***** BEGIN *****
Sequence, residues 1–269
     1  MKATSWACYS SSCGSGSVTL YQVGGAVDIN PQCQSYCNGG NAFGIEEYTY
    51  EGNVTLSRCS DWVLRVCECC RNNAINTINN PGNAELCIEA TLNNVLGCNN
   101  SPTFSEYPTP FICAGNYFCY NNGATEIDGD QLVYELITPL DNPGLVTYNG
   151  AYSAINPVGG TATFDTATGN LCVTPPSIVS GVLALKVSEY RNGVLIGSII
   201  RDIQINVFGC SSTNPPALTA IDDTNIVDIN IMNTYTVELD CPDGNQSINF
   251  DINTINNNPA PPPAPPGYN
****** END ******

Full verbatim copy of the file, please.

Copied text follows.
Sequence, residues 1–269
     1  MKATSWACYS SSCGSGSVTL YQVGGAVDIN PQCQSYCNGG NAFGIEEYTY
    51  EGNVTLSRCS DWVLRVCECC RNNAINTINN PGNAELCIEA TLNNVLGCNN
   101  SPTFSEYPTP FICAGNYFCY NNGATEIDGD QLVYELITPL DNPGLVTYNG
   151  AYSAINPVGG TATFDTATGN LCVTPPSIVS GVLALKVSEY RNGVLIGSII
   201  RDIQINVFGC SSTNPPALTA IDDTNIVDIN IMNTYTVELD CPDGNQSINF
   251  DINTINNNPA PPPAPPGYN